Principal Anthony Bronaugh, picked from Sherman Elementary, addresses students as classes open.
THE BLADE/JETTA FRASER
It's Friday, and no students are near Robinson Elementary, but Anthony Bronaugh holds the school library's audience captive.
Two dozen teachers lock onto their new principal as he paces the room. These teachers are the cream of the crop in Toledo Public Schools, leaders among their peers. They are accustomed to being the helpers, not being the helped.
"That kind of baggage needs to be left at the classroom door," Mr. Bronaugh said.
Their roles will be redefined. This year, at Robinson, they will have higher expectations. Last year, Robinson hit bottom.
The school ranked last in the district on state standardized tests.
The state rated the school in academic emergency, the equivalency of an F. In a bid to turn the school around, district administrators took drastic steps. The school's entire staff was displaced; the principal was removed.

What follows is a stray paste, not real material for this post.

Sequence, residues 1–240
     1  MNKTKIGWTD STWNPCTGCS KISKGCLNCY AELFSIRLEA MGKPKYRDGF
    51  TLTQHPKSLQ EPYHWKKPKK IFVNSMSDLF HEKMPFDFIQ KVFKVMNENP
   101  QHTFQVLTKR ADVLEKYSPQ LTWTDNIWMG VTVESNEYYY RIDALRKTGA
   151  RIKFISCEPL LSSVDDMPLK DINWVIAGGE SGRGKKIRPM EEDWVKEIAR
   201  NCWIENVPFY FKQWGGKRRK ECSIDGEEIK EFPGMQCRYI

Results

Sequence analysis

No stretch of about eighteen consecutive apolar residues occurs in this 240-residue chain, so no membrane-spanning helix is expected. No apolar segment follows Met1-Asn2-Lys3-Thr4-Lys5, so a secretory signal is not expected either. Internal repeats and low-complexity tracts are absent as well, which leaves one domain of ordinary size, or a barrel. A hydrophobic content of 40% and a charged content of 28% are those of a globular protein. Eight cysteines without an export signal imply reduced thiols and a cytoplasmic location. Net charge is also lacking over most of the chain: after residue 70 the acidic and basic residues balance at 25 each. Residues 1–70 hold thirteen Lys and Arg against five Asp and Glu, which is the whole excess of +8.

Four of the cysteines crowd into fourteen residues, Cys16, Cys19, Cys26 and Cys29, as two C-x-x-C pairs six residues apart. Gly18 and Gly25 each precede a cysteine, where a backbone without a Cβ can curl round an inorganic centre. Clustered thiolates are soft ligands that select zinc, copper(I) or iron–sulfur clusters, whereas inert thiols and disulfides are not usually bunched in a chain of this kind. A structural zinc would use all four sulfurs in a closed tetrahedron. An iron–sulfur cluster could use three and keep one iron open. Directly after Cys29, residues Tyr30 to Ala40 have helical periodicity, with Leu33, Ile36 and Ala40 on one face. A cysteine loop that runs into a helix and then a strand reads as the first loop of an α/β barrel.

District officials were quick to defend the school's prior staff, and called it unfair to blame one person or one group for poor performances that spanned years.
But for teachers like Sara Barnhill, a special education interventionist at Robinson, the news was a gut punch.
"A lot of teachers took that to heart," she said. "To me, it was a failure."
The district picked Mr. Bronaugh from Sherman Elementary to lead the new Robinson and fourth-grade teacher Natalie Sexton was chosen as the building's teacher representative.
And that's it.
Breaking district procedure, TPS left the hiring of staff to Mr. Bronaugh and Ms. Sexton, who could ignore seniority rules and pick the teachers they wanted. The only rule was that no more than 50 percent of the staff could be from the last incarnation of Robinson.
They grabbed reading coaches, interventionists, lead teachers from other schools, and teachers with high union positions. Most of Robinson's staff has held some type of leadership position somewhere in the district.